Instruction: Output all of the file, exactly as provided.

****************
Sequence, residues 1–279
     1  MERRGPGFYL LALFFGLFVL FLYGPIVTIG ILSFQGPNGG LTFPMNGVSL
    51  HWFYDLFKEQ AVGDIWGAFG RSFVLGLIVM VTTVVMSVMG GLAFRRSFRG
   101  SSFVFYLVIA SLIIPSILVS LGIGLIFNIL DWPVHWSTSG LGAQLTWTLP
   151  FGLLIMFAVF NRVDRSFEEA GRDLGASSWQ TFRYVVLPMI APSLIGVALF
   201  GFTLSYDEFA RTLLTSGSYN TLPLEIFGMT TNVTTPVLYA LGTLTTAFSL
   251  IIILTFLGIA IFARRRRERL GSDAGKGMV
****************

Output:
Sequence, residues 1–279
     1  MERRGPGFYL LALFFGLFVL FLYGPIVTIG ILSFQGPNGG LTFPMNGVSL
    51  HWFYDLFKEQ AVGDIWGAFG RSFVLGLIVM VTTVVMSVMG GLAFRRSFRG
   101  SSFVFYLVIA SLIIPSILVS LGIGLIFNIL DWPVHWSTSG LGAQLTWTLP
   151  FGLLIMFAVF NRVDRSFEEA GRDLGASSWQ TFRYVVLPMI APSLIGVALF
   201  GFTLSYDEFA RTLLTSGSYN TLPLEIFGMT TNVTTPVLYA LGTLTTAFSL
   251  IIILTFLGIA IFARRRRERL GSDAGKGMV